Then he explained why.
In addition to the qualifications, Finley said, Markwood “just seems to be not only a good academic and a professional and thorough leader, but he also seems like a good person, a very good person.”
Finley, the executive officer of CSU’s Faculty Senate, got “windshield time” with Markwood while driving him around town. During that time and at meals with committee members, Finley said, “there was a really good flow of conversation. It never seemed unnatural. It didn’t have an interview feel.”
All of which makes Finley relieved and proud about this news.
“Not only for the work we did on the committee,” he said, “but also how the university and community came together.”
Unlike the other CSU finalists, this is the only presidency Markwood sought.
“We were looking for not a job but really for the right match,” Markwood told the Ledger-Enquirer by phone Wednesday. “There were really several things about CSU that matched our background and matched our focus.”
Markwood mentioned two matches: CSU’s reputation for having an excellent partnership with the community and its emphasis on servant leadership.
“You really need to invest in the individuals in your organization to help them grow and be the team they need to be,” he said. “You don’t see that everywhere. Few put the stake in the ground and say, ‘How you lead matters.’”
Beyond the campus, Markwood said, he and his family were impressed with Columbus when they arrived early for his interview and toured the town on their own. They saw a vibrant downtown, where families watched a bike race, and they saw abundant shopping options at local stores, so Bridget could make an “emergency” shoe purchase when they realized all the walking they would be doing, Markwood said.
They even sampled Georgia barbecue, mighty different from what they are used to in Texas. Asked which is better, Markwood diplomatically said with a laugh, “I don’t know if I want to get in trouble – yet.”
As for challenges he expects to face when he becomes CSU president, Markwood mentioned the immediate issue of finishing the university’s $100 million “First Choice” capital campaign, which was announced earlier this month, and the long-term issue of “growing enrollment responsibly in a way that we can provide the support students need to be successful and increase student retention and graduation, because funding is tied to how well we do.”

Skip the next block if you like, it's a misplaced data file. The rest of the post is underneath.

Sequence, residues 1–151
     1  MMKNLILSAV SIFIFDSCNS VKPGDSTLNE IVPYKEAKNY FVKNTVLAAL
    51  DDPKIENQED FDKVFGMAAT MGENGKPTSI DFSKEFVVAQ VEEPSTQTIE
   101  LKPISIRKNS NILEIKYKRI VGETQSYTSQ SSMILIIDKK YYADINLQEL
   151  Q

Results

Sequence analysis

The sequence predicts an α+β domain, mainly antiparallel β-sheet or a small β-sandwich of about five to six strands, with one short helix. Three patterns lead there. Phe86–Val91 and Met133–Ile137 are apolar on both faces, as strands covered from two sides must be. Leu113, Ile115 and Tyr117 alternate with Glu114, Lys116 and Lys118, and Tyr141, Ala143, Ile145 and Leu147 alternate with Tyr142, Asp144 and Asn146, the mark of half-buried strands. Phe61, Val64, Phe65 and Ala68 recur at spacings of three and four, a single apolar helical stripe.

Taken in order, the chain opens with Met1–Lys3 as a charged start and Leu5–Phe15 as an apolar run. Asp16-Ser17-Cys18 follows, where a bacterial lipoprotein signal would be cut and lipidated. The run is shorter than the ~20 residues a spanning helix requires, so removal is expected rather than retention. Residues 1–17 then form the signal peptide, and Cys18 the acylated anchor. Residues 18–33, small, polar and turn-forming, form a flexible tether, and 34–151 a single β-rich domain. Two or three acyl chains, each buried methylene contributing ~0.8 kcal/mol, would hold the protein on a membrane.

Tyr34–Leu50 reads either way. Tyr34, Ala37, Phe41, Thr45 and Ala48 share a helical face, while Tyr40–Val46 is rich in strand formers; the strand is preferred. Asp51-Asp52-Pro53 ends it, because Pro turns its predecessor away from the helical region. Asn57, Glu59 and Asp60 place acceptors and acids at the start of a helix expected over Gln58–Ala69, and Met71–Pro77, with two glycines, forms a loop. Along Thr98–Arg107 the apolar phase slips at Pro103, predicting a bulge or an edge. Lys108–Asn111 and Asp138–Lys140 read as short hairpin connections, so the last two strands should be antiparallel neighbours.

Mescon was CSU president for six years. He announced seven months ago that he would retired Dec. 31 to move to Amsterdam and become senior vice president and chief officer for Europe, the Middle East and Africa with the Association to Advance Collegiate Schools of Business International.
The previous presidents of CSU, which began as Columbus College, are Thomas Whitley (1958-79), Francis Brooke (1980-87) and Frank Brown (1988-2008).
Tom Hackett, the CSU provost and vice president for academic affairs, has been serving as interim president.
MEMBERS OF THE SEARCH COMMITTEES
The Special Regents’ Search Committee comprises seven regents:
Chairman C. Thomas Hopkins Jr., an orthopedic surgeon in Griffin.
Donald Leebern Jr., a Columbus native and chairman of McDonough-based Georgia Crown Distributing Co. He chaired the search committee when Mescon, then dean of the business college at Kennesaw State University, was hired as CSU president in June 2008.
Neil L. Pruitt Jr., chairman and CEO of PruittHealth Inc. in Norcross. He was added to the committee in January, when he became Board of Regents chairman.
Sachin Shailendra, president of SG Contracting in Atlanta.
Kessel Stelling Jr., president and CEO of Columbus-based Synovus Financial Corp.
Larry Walker, former Majority Leader of the Georgia House of Representatives, now an attorney with Walker, Hulbert Gray & Byrd in Perry.
Philip A. Wilheit Sr., president of Wilheit Packaging and Marketing Images in Gainesville.
The CSU Presidential Search and Screen Committee has 17 members:
* Chairman John Finley, CSU associate professor of business administration and the executive officer of the faculty senate.
* Kevin Burgess, CSU associate professor of biology.
* Clarence "Earl" Coleman, CSU professor of music.
* Courtney George, CSU assistant professor of English.
* Tim Howard, CSU professor of mathematics.
* Stuart Rayfield, CSU associate professor and director of the Servant Leadership Program.
* Michael Richardson, CSU professor and director of the education doctorate program.
* Ekaterina Strekalova, CSU assistant professor of early childhood education.
* Aimee Vael, CSU associate professor of nursing.
* Amber Dees, assistant director of CSU’s public administration program and president of the staff council.
* Rachel Green, president of the CSU Student Government Association.
* Richard Holmes, CSU Foundation Board of Trustees member.
* Nancy Buntin, CSU Foundation Board of Trustees member.
* John Lee, an otolaryngologist in Columbus.
* Tony Link, chairman of the CSU Foundation Board of Trustees.
* Marc Olivié, president and CEO of W.C. Bradley Co., and CSU Foundation Board of Trustees member.
* Jimmy Yancey, CSU Foundation Board of Trustees member.